My wifi in Toubab Diallo was terrible and when I got home my wifi wasn’t so great either so although I wasn’t able to post this blog then I was there from January 3rd-5th.

Not what we were suppose to be doing on this Friday afternoon but I’m not complaining ☺️

Le Marché

On Thursday I experienced a marché (market) in Dakar for the first time. It was interesting to say the very least…

One of the first things we were taught in our class was how to bargain in both Wolof and in French, it wasn’t until I arrived to Dakar Plateau, one of the areas with many market that I realized how valuable this was going to be. A tour had been arranged for us so that we were split in groups of 3 students (2 females and 1 male) with a male tour guide; this was so we’d look like paired couples and wouldn’t be bothered as much by men downtown. The tour was provided by Senegalese mean so we wouldn’t be so overwhelmed at our first visit to the market…another thing I didn’t realize was important until we arrived downtown.

How the market works:
The moment you start looking inside any store/stand the people working it are asking you to enter. When you enter you greet and speak for a little and this is the vendors way of feeling the customers out; they can immediately tell where you’re from, what language you speak, etc. and this will most likely determine your starting bargain price. It helps to introduce yourself with your Senegalese name because they can identify your ethnic group which can help with these bargaining prices. At first glance anyone of fairer skin they believe to be European, the moment you begin speaking French and indicate you don’t know Wolof you’ve assured them that that’s the case. However, you cannot allow that to intimidate you, you need to walk in with all the confidence in the world and act like you know exactly what you’re doing.

Shopping at the market is like a game, you need to be willing to negotiate with the vendors and walk away if you want a good price. It gets extremely overwhelming, which led me to almost giving up (turns out that got me the best deal). The vendors first start off by attempting to get you to buy things in pack, it’s very difficult to go anywhere and just purchase one thing. They always try to push a packaged deal or convince you that your family members need things too; I learned it comes out more beneficial to go with packaged deals. Then once they’ve gotten you to look at and choose several things they give you an absurd price (when I say they I mean every vendor working at that location which can be up to 5 people all at once). Then you have to inform them it’s way too expensive and cut the price at least in half, you have to start with an even lower price than you’re willing to pay so that you have some wiggle room to go up while bargaining.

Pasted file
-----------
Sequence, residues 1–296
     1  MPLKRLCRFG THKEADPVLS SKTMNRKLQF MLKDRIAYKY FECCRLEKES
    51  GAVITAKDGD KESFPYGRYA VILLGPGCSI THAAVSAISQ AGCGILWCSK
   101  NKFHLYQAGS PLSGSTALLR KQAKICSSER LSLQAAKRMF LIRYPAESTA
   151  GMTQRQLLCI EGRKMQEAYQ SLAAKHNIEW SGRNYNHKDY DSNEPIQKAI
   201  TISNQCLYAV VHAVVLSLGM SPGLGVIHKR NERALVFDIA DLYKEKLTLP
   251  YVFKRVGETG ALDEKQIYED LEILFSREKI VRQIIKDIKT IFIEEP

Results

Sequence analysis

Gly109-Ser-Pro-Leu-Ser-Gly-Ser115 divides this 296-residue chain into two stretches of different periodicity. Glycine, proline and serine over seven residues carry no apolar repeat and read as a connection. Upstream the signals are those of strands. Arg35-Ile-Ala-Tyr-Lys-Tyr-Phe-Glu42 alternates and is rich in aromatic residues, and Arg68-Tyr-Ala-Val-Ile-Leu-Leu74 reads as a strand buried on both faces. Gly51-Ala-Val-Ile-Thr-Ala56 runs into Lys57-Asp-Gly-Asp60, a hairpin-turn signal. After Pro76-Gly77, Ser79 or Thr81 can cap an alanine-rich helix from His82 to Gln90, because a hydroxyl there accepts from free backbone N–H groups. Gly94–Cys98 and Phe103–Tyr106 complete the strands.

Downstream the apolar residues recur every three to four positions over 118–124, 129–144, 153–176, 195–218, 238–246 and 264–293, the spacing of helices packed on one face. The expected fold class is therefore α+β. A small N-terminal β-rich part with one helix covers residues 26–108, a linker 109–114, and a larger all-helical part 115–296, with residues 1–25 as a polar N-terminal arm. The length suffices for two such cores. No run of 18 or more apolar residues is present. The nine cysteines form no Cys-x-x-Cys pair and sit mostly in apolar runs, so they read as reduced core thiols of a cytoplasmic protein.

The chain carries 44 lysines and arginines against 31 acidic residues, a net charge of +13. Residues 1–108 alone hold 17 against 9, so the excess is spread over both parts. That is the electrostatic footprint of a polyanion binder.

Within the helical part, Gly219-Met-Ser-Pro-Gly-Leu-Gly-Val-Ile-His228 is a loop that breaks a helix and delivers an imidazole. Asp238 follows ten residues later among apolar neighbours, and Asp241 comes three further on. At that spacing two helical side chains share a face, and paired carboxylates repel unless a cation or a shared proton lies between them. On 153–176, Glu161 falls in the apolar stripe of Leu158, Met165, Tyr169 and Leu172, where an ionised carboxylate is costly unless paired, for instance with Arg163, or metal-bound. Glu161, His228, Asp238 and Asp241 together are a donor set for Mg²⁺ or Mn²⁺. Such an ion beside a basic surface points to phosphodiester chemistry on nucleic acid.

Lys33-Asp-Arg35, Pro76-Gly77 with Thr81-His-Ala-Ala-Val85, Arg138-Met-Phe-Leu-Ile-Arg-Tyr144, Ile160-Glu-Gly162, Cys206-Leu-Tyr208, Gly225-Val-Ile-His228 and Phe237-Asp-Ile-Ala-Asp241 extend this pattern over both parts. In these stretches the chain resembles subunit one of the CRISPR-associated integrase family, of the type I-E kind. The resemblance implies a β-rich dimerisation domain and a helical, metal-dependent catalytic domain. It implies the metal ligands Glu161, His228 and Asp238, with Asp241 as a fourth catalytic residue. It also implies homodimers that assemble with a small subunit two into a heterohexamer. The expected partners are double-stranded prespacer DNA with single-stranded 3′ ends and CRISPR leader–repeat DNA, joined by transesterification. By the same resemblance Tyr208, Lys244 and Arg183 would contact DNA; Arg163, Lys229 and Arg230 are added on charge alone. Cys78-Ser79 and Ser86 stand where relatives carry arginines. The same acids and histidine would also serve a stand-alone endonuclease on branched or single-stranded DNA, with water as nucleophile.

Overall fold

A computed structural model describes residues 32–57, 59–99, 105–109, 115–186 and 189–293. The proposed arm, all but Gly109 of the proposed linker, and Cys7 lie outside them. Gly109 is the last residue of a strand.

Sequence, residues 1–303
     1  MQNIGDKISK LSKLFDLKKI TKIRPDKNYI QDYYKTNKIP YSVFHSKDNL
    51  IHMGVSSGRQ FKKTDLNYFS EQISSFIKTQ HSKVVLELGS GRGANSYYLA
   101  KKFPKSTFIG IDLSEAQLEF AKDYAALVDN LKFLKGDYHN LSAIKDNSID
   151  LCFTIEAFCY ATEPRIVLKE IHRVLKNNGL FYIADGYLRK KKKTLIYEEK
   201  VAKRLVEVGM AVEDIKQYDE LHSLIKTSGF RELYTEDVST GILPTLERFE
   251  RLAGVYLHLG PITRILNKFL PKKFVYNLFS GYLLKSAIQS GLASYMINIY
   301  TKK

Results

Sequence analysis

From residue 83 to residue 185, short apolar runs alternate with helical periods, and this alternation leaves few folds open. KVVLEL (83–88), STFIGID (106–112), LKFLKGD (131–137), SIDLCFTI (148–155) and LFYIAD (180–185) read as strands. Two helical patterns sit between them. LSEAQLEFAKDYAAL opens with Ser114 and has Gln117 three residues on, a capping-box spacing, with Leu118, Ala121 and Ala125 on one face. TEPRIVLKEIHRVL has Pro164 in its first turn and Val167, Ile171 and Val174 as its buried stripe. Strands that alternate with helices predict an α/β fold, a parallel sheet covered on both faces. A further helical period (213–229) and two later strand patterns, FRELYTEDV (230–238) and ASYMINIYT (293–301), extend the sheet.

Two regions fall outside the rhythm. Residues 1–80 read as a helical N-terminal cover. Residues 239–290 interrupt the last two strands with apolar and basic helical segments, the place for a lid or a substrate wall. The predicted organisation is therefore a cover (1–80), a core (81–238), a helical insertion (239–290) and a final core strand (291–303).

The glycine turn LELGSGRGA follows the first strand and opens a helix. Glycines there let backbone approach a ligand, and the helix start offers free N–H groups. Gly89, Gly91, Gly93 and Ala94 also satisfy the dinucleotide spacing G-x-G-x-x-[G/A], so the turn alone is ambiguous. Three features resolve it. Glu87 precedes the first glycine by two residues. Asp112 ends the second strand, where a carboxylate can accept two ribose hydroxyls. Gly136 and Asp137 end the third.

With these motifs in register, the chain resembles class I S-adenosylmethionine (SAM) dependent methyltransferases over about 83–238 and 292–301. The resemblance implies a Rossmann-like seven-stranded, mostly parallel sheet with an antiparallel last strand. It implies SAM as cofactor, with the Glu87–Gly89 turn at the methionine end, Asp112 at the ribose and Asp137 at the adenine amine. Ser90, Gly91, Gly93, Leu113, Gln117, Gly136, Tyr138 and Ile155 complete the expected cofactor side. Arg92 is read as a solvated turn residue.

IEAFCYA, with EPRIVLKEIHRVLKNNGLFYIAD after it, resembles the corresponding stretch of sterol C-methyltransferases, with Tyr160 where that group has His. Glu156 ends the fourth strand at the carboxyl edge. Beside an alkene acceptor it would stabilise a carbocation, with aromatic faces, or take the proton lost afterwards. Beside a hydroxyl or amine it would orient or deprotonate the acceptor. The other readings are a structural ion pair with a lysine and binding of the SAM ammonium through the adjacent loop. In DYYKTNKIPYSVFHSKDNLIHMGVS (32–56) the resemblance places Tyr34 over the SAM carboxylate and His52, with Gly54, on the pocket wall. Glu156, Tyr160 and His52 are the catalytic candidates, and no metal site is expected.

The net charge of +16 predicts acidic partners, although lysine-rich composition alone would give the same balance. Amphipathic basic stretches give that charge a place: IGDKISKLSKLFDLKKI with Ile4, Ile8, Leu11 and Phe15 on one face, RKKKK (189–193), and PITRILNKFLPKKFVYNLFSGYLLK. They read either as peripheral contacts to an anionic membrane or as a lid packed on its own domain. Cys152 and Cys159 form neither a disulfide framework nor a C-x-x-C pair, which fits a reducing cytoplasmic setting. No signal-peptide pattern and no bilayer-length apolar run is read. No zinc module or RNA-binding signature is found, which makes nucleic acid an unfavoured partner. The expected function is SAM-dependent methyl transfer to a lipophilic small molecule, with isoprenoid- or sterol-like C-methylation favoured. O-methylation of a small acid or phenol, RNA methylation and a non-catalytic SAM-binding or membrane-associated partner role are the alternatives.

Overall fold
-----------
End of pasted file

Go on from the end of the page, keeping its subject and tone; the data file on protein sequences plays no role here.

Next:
My bargain:
Of course those who speak Wolof bargain best, then the French and then others so our Senegalese tour guide helped me bargain my items. I had 2 shirts and 2 dresses for my nephews and niece. The starting price was 32,500 which my tour guide said was absurd; as he spoke to the guy after bargaining the prices for them items the other 2 students in our group got the man brought it down to 20,000 CFA. I still knew that was too expensive and with all the talking (which felt like yelling to me but that’s just how Senegalese tend to speak to one another) and the hunger I felt I was ready to go. As I started walking out one of the vendors informed me to hold on, that they were bargaining that that’s what the Senegalese do and walked me back into the store. While this is going on there’s also a vendor from a different location in the store trying to sell me a wooden turtle souvenir and knocking down the price (I never even showed interest in this item) I made sure to show little interest in my items like Madame Ba had advised and got the price down to 15,000. I decided that still was too expensive and walked out the store to look elsewhere. As I was looking around at first I thought it was over and I wasn’t getting my items but the man came back outside after me and whispered in my ear that for me it would be 10,000CFA. I rummaged through my bag a bit but was so fed up I said it was fine and continued to walk out. A minute later the man comes outside with another vendor and tells me that for me he will give it to me for 8000CFA, 4 great buys for just a bit under $15 sounded like a great buy to me and I was sold. Although not all my bargaining was intentional it did teach me that walking away in Senegal is the best way to get the prices you want, it might be a bit frustrating and sure does take a lot of patience but it can lead to great deals.